fatty infiltration

 You may hear the term “fatty infiltration” for the first time when you see a physician about a rotator cuff injury. After you tear the tendon in your shoulder, a large gap remains between the tendon and the bones, keeping the shoulder muscle from performing its usual actions of shortening and lengthening. The body attempts to heal itself by “filling” the gap, unfortunately, with fatty tissue rather than muscle—and it remains there permanently. When muscle is replaced with fat, the result is reduced function and discomfort.

Surgery cannot fix the problem, but it may prevent the infiltration from progressing further. Studies have shown that the more fatty infiltrate, the higher the risk of suboptimal healing after rotator cuff surgery. Your surgeon may examine the amount of fatty infiltrate in your shoulder using a computed tomography scan and assess the damage by measuring the percentage of muscle the fatty tissue has invaded.

Although recent research has offered some hope that certain drugs might reduce fatty infiltration after rotator cuff tears, at the moment there is not much that can be done to stop this process from happening. Postsurgery, a good physical therapy rehabilitation program can enhance the results of your procedure, regardless of the degree of fatty infiltration. An individualized program of physical therapy can help to:

  • relieve pain and swelling 
  • prevent pain and injury recurrence 
  • develop a progressive strength-training routine 
  • teach techniques you can perform at home 

The sooner physical therapy is started after a cuff repair, the better. That way, we can counteract the negative impact of the fatty infiltration by strengthening surrounding muscles and helping the shoulder heal more quickly and effectively.

Apex Orthopedic Rehabilitation in Paramus, NJ provides orthopedic and sports physical therapy services for the greater Ridgewood, Paramus, and Bergen County region.  This blog is intended for informational purposes only and should not be used for diagnostic or prescriptive purposes. The views expressed here are the author’s views and should be taken as suggestions. Always consult your doctor or healthcare practitioner before engaging in a physical therapy or rehabilitative program.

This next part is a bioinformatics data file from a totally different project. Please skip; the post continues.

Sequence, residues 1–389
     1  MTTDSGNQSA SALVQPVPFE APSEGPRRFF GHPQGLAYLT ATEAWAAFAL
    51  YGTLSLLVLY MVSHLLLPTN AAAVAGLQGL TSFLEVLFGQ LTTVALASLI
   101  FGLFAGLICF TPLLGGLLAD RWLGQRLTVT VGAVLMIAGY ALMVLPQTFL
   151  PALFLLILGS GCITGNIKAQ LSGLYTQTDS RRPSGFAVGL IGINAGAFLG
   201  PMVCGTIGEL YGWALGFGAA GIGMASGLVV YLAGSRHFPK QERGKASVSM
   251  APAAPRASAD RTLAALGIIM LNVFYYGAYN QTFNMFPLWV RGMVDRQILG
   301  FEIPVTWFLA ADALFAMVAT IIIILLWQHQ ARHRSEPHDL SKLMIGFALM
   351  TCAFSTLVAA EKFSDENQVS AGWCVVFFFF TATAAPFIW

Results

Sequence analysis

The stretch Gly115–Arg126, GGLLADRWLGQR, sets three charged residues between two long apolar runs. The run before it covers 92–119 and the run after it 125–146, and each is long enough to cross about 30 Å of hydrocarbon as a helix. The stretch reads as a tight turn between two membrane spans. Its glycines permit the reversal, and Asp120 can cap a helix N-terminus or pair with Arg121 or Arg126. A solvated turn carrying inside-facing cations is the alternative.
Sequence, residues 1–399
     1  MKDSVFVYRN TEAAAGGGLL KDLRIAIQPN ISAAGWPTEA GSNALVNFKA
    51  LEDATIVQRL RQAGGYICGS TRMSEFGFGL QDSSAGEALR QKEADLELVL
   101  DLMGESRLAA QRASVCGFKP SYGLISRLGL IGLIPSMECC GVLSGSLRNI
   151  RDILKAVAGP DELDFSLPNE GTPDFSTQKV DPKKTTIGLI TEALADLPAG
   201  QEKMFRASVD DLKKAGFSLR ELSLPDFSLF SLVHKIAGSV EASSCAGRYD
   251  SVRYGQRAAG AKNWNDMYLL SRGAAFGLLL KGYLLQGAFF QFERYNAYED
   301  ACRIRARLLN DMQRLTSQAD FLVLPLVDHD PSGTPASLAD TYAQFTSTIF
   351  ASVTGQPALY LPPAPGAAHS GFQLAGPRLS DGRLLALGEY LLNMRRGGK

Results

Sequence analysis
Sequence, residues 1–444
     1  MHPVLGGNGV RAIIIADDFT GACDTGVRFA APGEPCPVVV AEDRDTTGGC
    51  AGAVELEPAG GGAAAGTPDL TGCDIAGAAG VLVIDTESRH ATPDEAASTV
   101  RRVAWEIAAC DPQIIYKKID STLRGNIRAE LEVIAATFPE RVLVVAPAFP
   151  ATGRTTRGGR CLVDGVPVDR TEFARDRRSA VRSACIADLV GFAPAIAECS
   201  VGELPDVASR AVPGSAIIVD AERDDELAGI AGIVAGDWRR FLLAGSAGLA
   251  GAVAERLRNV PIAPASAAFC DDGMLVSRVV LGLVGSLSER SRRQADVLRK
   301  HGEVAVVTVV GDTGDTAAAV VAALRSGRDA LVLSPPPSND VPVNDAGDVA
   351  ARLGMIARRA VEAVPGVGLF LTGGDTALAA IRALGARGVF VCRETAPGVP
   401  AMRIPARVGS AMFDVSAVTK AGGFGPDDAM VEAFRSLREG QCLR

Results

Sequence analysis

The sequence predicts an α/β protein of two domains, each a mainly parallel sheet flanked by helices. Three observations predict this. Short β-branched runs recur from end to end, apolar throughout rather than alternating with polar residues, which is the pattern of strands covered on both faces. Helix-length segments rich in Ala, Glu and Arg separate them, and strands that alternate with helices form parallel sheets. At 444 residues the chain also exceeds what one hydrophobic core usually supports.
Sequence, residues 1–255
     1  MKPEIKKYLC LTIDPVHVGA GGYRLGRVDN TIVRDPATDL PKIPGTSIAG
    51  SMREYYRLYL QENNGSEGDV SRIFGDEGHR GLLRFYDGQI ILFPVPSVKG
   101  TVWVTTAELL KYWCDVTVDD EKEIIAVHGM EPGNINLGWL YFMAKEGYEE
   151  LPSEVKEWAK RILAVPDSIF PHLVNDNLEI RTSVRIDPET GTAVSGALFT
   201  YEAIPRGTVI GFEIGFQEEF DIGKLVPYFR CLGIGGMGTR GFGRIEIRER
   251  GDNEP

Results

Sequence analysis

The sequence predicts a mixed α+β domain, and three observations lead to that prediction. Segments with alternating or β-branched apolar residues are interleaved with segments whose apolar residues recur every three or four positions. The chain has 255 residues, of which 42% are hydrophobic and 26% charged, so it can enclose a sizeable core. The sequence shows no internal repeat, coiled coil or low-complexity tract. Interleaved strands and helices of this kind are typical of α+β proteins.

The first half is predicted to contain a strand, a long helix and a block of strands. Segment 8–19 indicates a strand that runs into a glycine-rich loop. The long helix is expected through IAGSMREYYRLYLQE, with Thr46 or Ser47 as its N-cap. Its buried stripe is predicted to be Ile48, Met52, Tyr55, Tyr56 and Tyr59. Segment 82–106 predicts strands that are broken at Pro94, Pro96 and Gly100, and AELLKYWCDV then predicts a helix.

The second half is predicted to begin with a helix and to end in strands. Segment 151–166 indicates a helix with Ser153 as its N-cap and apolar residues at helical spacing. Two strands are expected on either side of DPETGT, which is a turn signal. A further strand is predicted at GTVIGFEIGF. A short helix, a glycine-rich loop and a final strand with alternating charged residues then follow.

When rotator cuff surgery is needed, the surgeon has to take into consideration whether or not fatty infiltration has occurred. Ideally, the surgeon can perform the surgery at an early enough stage—before fatty infiltration becomes an issue.

What is fatty infiltration? Sometimes, when the rotator cuff tendons have significantly pulled away from the bone where they have been attached, fat infiltrates the muscular portions, resulting in weakened muscles. Although the surgeon will take this into account when performing a repair, weakness can remain even after the rotator cuff has been repaired.

Fortunately, with successful surgery, the process of fatty infiltration does not generally progress any further. While the previous changes are irreversible, the addition of physical therapy can be critical to rebuild strength in the muscles. Since there is also no clear understanding of how fatty infiltration prior to surgery may affect the healing and surgical outcomes, it is even more important to start physical therapy soon after surgery.

We can help in a number of ways that go beyond just improving movement after you have experienced fatty infiltration. Your individualized physical therapy program can help to

  • relieve pain and swelling
  • teach techniques you can perform at home
  • prevent pain and injury recurrence
  • develop a progressive strength-training routine

Through personal attention and collaboration, we can provide you with numerous exercises after rotator cuff surgery. Together, we can devise a long-term plan to provide positive postsurgical results. When physical therapy is included after fatty infiltration and rotator cuff repair, long-term outcomes are more likely to be optimistic.